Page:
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A trade secret is any formula, pattern, device or compilation of information which is used in one's business, and which gives him an opportunity to obtain an advantage over competitors who do not know or use it. It may be a formula for a chemical compound, a process of manufacturing, treating or preserving materials, a pattern for a machine or other device, or even a list of customers. In other words, the trade secret is proprietary information, that which the holder of the secret does not wish to be known to others, particularly his competitors.
In the context of an SDS, a trade secret and "secrecy" have a very rigorous definition as defined by OSHA in Paragraph I of the Hazard Communication Standard, 29 CFR 1910.1200.
When 29 CFR 1910.1200, the OSHA Hazard Communication Standard was being drafted, some manufacturers worried that the requirement to provide MSDS's (now called SDS's) would give away their "secret formulas" or proprietary information about their products. Thus, Paragraph (i) of the Standard permits a manufacturer, importer or even employer to withhold the specific chemical identity of a material provided that all of the following apply:
The designation of an incident as a "medical emergency" is left to the discretion of the treating physician or nurse. Failure to disclose the identity in this situation will result in the issuance of a willful citation. For non-emergencies, where OSHA believes that the chemical manufacturer, importer or employer will not be able to support the trade secret claim, the withholding of a specific chemical identity shall be cited as a violation.
Appendix E of 29 CFR 1910.1200 has a very specific and rigorous definition/discussion of "trade secret" which states "Matters of public knowledge or of general knowledge in an industry cannot be appropriated by one as his secret. Matters which are completely disclosed by the goods which one markets cannot be his secret." So if you have a product which is easily reverse engineered or is a generic equivalent of other products, it would be quite difficult to support such a claim. You can not claim a "trade secret" merely for your own convenience or to prevent others from knowing that your magic cleaner is really just isopropyl alcohol. See this OSHA interpretation letter titled "0/23/2001 - Criteria for trade secret status" for more information.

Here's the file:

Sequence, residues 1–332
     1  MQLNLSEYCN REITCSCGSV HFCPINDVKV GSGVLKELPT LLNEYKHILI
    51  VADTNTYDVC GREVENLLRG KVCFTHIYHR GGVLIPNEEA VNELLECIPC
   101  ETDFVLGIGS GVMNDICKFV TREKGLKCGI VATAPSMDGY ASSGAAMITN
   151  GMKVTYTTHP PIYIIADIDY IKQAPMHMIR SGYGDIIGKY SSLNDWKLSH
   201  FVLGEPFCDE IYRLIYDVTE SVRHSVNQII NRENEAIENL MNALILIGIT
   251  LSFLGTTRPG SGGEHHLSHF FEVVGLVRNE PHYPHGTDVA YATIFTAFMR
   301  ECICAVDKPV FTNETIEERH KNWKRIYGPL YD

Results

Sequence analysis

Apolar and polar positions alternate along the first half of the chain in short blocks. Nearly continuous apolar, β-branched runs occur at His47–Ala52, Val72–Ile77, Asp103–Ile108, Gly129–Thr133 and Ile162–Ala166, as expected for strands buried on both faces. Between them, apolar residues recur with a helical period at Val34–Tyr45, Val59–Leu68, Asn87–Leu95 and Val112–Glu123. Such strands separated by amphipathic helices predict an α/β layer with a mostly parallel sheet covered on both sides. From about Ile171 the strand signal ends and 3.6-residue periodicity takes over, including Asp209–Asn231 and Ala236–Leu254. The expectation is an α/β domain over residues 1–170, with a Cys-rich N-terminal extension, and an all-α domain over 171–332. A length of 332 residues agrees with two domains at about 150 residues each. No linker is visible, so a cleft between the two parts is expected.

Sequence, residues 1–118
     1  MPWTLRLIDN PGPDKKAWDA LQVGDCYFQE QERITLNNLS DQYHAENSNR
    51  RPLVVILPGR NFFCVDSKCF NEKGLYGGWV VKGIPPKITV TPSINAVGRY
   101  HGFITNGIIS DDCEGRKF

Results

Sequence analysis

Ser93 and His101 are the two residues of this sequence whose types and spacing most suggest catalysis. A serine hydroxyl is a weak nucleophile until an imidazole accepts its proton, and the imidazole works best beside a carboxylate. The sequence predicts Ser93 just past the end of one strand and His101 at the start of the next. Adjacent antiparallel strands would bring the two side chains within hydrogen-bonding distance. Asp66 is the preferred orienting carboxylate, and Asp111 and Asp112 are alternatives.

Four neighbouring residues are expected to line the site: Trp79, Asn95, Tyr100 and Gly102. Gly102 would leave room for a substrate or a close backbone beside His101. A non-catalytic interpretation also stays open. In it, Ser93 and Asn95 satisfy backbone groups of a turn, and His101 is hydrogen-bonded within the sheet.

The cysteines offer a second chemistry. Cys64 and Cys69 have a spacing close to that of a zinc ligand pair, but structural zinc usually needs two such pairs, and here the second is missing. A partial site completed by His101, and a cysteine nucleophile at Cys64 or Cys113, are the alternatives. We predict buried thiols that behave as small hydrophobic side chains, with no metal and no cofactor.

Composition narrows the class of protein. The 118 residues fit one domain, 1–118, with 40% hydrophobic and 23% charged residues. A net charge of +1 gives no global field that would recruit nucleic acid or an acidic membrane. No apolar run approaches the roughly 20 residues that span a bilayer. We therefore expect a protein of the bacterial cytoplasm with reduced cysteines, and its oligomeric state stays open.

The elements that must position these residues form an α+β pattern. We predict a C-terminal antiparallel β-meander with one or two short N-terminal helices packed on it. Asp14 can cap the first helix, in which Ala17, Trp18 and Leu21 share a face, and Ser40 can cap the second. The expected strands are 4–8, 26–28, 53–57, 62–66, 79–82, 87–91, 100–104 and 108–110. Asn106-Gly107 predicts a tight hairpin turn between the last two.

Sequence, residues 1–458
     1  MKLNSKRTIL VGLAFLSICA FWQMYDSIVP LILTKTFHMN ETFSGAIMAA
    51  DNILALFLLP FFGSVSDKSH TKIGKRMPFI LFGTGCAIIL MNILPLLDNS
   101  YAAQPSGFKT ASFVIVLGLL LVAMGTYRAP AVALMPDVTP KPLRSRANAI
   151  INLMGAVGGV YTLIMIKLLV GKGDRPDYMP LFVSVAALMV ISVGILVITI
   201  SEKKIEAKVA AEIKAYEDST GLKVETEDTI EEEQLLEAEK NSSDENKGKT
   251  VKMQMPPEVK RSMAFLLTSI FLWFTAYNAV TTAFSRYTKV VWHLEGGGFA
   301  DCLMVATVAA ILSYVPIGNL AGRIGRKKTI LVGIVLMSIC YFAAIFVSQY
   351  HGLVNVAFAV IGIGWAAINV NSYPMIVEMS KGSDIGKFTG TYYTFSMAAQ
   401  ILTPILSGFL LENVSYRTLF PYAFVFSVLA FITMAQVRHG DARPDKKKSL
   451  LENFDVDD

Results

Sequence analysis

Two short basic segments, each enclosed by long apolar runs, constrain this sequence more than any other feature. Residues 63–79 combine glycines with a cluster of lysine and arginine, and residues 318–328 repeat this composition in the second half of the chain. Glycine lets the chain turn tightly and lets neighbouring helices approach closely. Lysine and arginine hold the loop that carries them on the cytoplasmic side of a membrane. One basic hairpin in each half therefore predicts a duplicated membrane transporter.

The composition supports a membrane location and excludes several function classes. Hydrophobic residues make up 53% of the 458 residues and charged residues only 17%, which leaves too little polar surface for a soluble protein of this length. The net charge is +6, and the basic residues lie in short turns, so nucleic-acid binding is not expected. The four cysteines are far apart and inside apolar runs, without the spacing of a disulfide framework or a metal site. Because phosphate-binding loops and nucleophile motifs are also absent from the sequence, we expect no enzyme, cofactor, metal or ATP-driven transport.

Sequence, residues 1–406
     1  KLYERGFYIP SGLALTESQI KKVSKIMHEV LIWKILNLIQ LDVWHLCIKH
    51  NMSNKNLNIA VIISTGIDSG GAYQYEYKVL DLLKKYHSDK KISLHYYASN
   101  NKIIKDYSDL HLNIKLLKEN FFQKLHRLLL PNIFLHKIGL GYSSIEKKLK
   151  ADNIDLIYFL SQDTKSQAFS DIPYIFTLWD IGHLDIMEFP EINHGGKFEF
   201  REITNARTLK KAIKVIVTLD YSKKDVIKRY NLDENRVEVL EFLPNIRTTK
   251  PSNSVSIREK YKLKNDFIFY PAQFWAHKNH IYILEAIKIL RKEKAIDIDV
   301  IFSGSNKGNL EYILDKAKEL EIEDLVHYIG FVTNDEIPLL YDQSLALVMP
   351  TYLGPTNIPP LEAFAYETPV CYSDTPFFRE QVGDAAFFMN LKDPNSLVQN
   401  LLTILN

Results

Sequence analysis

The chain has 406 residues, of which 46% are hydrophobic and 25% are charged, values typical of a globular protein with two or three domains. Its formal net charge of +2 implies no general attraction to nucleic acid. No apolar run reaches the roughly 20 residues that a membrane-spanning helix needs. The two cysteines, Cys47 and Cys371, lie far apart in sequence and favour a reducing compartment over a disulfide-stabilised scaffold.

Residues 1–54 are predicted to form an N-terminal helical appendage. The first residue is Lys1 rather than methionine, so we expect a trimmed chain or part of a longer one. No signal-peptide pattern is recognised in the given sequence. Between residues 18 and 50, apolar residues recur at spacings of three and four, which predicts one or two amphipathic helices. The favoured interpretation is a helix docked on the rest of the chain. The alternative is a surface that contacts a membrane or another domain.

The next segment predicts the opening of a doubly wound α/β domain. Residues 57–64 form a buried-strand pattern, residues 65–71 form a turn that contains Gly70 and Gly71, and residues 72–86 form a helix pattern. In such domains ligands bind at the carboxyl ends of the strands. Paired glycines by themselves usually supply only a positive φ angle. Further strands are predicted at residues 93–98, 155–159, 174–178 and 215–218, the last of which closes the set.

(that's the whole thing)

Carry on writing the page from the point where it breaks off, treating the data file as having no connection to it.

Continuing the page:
Trade secret exclusions in SDS's are not very common. While we do not have any recent data, we know that at one point the DoD's non-public HMIRS system contained about 270,000 MSDS's and only about 5% of these had proprietary information in them.
On occasion, you may encounter an SDS that does not list the hazardous components by chemical name. If the trade secret provision of Paragraph (i) is invoked, the SDS must specifically state that the identity is being withheld as a trade secret and information about the properties and effects of the hazardous chemical must still be disclosed.
In addition, the specific chemical identity must made available to health professionals, employees, and designated representatives in both emergency and non-emergency situations as detailed in Paragraph i(3). Moreover, individual state Right-To-Know (RTK) laws may afford employees additional access to trade secret information.
The trade secret provision may not be invoked merely to prevent recipients from seeing the identity of the supplier or distributor of the product. See our SDS FAQ question As a distributor, can we change the name and address on an SDS?.
In the state of New Jersey, a trade secret claim must include the New Jersey Trade Secret Registry Number (TSRN).
See also: Chemical, manufacturer.
Additional definitions from Google and OneLook.
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